Committee of 100 Stays Remote — “It will be the start of 2022 at the earliest before the Arlington Committee of 100 returns to in-person meetings. ‘Our board has decided to continue providing our programs ‘virtually’ through December,’ the organization said in a recent e-mail to participants. ‘Our hope is eventually to provide hybrid programs, where you can connect with fellow members in person or watch them from the comfort of your home.'” [Sun Gazette]
Girls Flag Football Coach Profiled — “Rivera remains here in Arlington, coaching… year-round in both flag and girls’ basketball under the banner of the Hurricanes organization, which he founded… Rivera has taken Virginia Hurricanes select flag teams to the NFL nationals — the championships for the official NFL flag football league — seven times. They’ve won the national championship three times–twice for the 14-and-under (14U) age group, and once for the 12U age group. The 10U and 12U teams qualified for the upcoming nationals in Nevada in January 2022, and the 14U team will compete to qualify in November.” [Arlington Magazine]
Reminder on a Hot Day — From AAA Mid-Atlantic: “We’re looking at another hot and humid day in VA, it’s time to focus on protecting children & pets from the heat: Never leave them in a vehicle unattended. Always look in the back seat every time you exit. Always lock the car and put keys out of reach.” [Twitter]
Arlington’s lack of affordable townhomes, duplexes and other housing types has a ripple effect across the D.C. region, housing experts say.
How Arlington tackles that deficit, they said, could help stem the tide of urban sprawl and its social, economic and environmental impacts — with more options, lower- and middle-income households are better able to stay in their communities, be near their jobs and access established transit areas.
“Leadership [in Arlington] is still needed,” said Michael Spotts, President of Neighborhood Fundamentals, during a recent Arlington Committee of 100 webinar on Missing Middle Housing. “This is an important issue and Arlington can’t solve it on its own, but it’s something that we should do because it’s good for the county and the region.”
With the multi-year “Missing Middle Housing Study,” Arlington County is examining whether the county should allow housing types that have been typically prohibited from many neighborhoods to reverse housing shortages. If approved, rewritten ordinances would not be implemented until 2022 or 2023.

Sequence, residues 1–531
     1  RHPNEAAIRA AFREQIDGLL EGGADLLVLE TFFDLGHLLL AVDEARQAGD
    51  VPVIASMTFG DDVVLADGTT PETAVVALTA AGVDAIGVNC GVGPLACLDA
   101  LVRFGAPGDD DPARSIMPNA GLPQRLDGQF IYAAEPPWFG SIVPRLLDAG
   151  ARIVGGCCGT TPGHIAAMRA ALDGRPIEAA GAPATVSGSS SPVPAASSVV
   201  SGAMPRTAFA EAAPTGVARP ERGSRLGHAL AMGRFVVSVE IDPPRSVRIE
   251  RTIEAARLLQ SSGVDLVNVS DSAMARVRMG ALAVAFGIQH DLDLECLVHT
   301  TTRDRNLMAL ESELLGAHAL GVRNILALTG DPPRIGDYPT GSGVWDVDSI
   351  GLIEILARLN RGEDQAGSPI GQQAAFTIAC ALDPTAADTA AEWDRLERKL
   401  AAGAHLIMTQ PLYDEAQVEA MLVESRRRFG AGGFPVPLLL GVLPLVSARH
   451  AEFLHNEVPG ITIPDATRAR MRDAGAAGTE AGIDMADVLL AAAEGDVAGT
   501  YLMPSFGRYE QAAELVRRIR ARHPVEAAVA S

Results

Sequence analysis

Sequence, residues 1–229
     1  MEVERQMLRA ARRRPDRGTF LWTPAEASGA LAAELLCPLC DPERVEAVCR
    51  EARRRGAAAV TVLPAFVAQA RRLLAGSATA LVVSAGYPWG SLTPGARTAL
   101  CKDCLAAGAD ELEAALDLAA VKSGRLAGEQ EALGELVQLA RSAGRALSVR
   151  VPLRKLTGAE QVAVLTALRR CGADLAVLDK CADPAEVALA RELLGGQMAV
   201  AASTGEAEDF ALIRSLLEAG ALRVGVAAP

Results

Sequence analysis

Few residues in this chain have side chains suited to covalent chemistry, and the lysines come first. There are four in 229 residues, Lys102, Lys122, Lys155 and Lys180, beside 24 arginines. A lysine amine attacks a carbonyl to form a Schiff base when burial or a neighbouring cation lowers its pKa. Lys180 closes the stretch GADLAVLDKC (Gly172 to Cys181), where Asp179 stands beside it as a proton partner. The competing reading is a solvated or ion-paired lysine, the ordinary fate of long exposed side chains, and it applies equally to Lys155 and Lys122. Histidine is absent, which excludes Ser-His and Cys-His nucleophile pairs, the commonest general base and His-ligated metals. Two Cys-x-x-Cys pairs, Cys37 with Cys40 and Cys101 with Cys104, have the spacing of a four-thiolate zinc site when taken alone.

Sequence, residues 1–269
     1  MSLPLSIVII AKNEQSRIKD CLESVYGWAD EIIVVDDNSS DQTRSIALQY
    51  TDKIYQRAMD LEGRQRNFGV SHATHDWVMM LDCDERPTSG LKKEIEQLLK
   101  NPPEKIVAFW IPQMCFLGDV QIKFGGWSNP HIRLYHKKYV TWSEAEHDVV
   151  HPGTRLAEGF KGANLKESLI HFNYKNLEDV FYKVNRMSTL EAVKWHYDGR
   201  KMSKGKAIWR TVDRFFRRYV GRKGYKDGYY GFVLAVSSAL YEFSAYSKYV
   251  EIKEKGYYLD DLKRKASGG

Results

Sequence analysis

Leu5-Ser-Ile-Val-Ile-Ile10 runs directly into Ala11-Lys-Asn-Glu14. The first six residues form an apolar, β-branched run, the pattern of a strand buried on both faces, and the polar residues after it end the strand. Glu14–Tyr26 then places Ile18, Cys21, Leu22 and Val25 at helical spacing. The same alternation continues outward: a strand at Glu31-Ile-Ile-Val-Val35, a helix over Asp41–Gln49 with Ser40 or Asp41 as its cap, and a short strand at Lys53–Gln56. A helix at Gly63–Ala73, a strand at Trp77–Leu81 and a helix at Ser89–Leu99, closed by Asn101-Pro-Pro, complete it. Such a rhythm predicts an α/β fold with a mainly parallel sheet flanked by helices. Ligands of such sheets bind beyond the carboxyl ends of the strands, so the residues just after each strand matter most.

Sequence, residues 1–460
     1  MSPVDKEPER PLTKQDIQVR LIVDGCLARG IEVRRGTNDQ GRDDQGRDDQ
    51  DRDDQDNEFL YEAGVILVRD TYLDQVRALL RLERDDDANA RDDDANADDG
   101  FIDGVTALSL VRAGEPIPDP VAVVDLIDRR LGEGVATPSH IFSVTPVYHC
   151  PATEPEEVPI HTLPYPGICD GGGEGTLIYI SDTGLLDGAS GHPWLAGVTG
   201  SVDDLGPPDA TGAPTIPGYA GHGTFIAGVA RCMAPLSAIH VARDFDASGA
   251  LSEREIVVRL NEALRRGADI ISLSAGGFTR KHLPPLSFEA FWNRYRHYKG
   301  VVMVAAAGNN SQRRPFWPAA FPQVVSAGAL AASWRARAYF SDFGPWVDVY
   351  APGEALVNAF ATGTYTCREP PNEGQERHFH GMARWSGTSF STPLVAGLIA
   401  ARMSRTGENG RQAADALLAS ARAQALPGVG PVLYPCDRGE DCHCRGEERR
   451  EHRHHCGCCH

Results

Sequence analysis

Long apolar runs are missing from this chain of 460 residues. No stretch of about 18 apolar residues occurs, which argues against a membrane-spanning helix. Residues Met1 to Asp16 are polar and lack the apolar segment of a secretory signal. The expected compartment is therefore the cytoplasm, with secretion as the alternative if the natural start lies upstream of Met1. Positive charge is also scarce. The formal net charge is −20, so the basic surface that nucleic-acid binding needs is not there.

The county recently published the results of six months of community engagement. Priorities include a greater supply and wider array of housing options, at lower costs, while concerns include the impact that would have on property values, school capacity and the environment.
Now, the county is asking people what kinds of housing options should be explored. Through June 8, respondents can choose from 10 options, including multiplexes, cottage clusters, townhouses and small-lot homes currently excluded from some neighborhoods.
Providing those options locally will help address a regionwide problem that panelists say is currently driving urban sprawl, which is harming the environment.
“We’ve seen more development in outlying counties, and significant losses in impervious surface,” Spotts said. “We are downstream from some of these locations and that has an impact on Arlington’s environment. By limiting development [here], we may be able to save trees but at the expense of much larger acreage of forest loss in other jurisdictions.”
It also contributes to higher greenhouse gas emissions in those outlying counties, since many drive to work in Arlington and D.C., he said.
With the average costs of homes in Arlington ranging from $500,000-$1.5 million, depending on type, that prices out many professions like teachers, mechanics, security guards and so on.
High land costs set a minimum price for any new Missing Middle construction, however, and more stock may not solve the affordability problem anytime soon given Arlington’s housing shortage, according to Huntley.
“The prices of new Missing Middle properties will have to reflect that alternative [to build very expensive single-family detached homes],” he said.
Since 2017, Huntley said Arlington has built 58 brand-new townhomes with an average selling price of $1 million. There were only eight duplexes built — for an average price of $1 million — and 35 stacked condos that went for up to $840,000.